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What To Do When the CFO Says, “You Need to Reduce Costs”

By | June 14, 2014 in Service Desk

What do you do when the boss yells at you that you need to cut IT costs?

Your Chief Financial Officer (CFO) is responsible for the financial health and prosperity of the company. In very simple terms, the future of the company depends on more income and outgoings.

These days IT is a major cost center, underpinning many aspects of the business. So if the CFO comes to visit, thumping the table to reduce our IT costs – what can we do?

What Options Do We Have and What Should We Do?

In an ideal world, all of our IT costs would be closely aligned and paired with the IT services they enable.

Each of our services would be quantified in terms of value, and the components parts required to deliver the service (partners, services, people, assets, and so on) would be measured and quantified against the value they deliver.

In this case, when the CFO says cut costs, we can reply and say “what services do you want cut or reduced?” Reducing the number or quality of services would theoretically reduce costs.

So Much for IT Management Theory…

Back down here on earth, IT management is not usually that closely aligned or organized, and many organizations lack the maturity and management controls to manage value closely.

If your IT Value and IT Services are not yet aligned, the best target to aim for - to reduce IT costs in this short term - is to identify WASTE.

Here are three tactical projects to eliminate waste and save money. These projects are ‘low hanging fruit’; they can be acted upon even when your company is not spending big money on new projects and growth.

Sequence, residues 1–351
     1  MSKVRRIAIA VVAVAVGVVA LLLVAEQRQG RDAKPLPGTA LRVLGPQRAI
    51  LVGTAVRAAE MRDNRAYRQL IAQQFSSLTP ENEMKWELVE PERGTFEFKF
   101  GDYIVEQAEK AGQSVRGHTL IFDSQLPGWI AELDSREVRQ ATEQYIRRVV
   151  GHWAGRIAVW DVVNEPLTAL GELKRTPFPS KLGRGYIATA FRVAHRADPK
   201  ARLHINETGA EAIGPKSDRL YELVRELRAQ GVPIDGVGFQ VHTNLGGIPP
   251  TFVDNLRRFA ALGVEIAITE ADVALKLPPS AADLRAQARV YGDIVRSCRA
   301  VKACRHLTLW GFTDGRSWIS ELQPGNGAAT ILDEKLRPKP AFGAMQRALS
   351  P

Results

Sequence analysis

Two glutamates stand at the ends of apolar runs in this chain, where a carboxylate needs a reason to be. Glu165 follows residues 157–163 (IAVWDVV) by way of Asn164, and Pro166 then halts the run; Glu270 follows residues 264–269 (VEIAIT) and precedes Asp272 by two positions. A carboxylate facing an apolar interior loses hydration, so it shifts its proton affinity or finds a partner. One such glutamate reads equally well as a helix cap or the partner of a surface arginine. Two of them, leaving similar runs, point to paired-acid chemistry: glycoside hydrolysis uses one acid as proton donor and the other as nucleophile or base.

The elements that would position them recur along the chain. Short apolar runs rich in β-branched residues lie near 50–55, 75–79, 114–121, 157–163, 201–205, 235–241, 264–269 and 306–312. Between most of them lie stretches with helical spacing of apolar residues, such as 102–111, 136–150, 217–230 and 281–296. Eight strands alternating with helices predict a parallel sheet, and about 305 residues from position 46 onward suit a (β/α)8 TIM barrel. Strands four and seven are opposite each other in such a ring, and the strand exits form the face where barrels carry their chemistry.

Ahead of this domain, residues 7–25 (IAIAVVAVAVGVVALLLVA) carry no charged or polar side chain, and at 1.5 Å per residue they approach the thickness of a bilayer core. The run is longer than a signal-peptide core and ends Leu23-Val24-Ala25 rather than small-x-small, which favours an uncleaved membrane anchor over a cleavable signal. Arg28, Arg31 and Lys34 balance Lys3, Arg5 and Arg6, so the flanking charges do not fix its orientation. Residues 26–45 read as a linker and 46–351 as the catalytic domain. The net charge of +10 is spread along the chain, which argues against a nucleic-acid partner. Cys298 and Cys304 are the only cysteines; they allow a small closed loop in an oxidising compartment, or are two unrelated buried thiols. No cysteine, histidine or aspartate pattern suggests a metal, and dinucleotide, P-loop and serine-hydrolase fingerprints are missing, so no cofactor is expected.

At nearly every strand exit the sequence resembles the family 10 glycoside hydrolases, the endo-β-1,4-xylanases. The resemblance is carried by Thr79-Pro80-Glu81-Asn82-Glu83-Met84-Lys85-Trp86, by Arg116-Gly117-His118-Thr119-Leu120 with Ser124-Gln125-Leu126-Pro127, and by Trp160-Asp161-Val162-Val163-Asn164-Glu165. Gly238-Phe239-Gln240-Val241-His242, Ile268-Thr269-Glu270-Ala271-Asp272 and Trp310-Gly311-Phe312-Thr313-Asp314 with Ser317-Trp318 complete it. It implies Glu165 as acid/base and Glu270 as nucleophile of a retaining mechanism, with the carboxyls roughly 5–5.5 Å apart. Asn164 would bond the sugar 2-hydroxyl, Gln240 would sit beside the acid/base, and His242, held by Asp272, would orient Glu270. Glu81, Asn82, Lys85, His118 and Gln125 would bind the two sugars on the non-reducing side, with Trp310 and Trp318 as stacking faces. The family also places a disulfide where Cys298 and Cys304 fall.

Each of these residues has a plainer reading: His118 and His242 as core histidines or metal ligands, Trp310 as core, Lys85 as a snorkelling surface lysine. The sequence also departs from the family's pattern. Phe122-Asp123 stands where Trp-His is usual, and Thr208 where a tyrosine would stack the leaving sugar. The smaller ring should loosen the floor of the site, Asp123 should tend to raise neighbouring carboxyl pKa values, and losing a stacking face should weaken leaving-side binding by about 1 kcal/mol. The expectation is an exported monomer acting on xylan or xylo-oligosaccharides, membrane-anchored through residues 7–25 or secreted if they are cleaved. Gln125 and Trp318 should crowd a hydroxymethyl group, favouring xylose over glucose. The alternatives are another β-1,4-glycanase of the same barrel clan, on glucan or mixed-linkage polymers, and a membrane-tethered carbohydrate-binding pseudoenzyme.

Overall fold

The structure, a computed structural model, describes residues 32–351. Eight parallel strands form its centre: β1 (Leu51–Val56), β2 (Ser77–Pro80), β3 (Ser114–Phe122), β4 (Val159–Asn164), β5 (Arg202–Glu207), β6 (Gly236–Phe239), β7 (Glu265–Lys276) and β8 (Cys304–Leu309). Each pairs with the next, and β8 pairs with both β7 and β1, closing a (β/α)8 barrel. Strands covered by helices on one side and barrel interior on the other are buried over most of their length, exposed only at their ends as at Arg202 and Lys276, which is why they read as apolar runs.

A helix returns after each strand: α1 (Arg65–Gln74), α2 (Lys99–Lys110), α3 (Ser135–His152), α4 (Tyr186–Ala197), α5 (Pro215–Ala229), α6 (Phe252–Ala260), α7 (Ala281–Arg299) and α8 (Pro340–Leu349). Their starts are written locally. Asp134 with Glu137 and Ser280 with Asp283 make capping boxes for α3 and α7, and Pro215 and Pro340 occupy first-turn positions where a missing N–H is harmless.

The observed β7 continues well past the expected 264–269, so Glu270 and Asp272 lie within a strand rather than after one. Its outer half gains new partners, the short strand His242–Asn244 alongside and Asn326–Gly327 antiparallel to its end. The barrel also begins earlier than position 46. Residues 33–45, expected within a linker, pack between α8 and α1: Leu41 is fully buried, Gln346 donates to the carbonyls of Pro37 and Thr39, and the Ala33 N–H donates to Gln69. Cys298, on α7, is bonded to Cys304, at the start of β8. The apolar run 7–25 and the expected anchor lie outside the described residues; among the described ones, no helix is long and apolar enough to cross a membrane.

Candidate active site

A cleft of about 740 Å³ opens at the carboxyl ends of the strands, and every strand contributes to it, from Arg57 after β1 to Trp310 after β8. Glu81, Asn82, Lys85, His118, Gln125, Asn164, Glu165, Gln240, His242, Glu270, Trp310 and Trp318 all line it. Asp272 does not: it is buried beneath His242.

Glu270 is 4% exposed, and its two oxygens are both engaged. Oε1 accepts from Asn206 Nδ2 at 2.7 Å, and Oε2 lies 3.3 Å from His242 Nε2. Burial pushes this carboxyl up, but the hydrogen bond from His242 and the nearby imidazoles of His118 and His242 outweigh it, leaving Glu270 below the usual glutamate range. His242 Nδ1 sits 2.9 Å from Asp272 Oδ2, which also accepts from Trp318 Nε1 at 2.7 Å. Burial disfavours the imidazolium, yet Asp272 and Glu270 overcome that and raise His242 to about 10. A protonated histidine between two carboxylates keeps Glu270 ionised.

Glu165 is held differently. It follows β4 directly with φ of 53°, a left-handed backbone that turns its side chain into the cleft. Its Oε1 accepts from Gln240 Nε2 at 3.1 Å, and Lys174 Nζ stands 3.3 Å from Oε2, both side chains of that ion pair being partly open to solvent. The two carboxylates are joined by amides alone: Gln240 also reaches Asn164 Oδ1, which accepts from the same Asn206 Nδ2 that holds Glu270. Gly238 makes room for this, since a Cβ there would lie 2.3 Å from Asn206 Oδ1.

They just need a bit of planning, perseverance, and people power!

  • Focus on renewals, maintenance, subscriptions, and lease agreements. Even when an organization has a financial lock down on new projects – it still has many on-going financial commitments in terms of maintenance agreements, service contract renewals, and other on-going subscriptions. A quick win is to assess all renewals and agreements and analyse which of them can be reduced or removed. Maybe the project is no longer active, the service was retired, or people have moved on. It takes some investigative work but is worth the effort.
  • Avoid new software purchases. If you receive a new software request, try to fulfil it by removing an unused copy from another user. This cost avoidance technique can save millions. It does not necessarily mean deployment of tools – it just takes investigative work and perseverance.
  • Avoid new hardware purchases. Hunt for all the hardware you can to hold as stock. Hold an amnesty at the office to bring out old hardware that’s sitting in dusty cupboards. As staff leave or move roles, don’t allow managers to hold desktops and laptops in their drawers, claw them back to be used to fulfil new hardware requests. This is another cost avoidance technique to freeing up budget for other projects or to demonstrate savings.

By working on these tactical projects IT staff can free up IT budget and demonstrate savings. This can build momentum for longer term IT Asset Management initiatives and efficient IT spending.

Please share your thoughts in the comments or on Twitter, Google+, or Facebook where we are always listening.

Joseph Zargari

About Joseph Zargari

As former VP Customer Relations, Joseph handled all customer support functions, including technical support, general queries, payments and the SysAid Community forum. With first-hand experience of SysAid products in the service desk environment, Joseph was a key source of input for SysAid’s design and development phases. In his free time, Joseph plays tennis, watches comedies, and does PHP coding.

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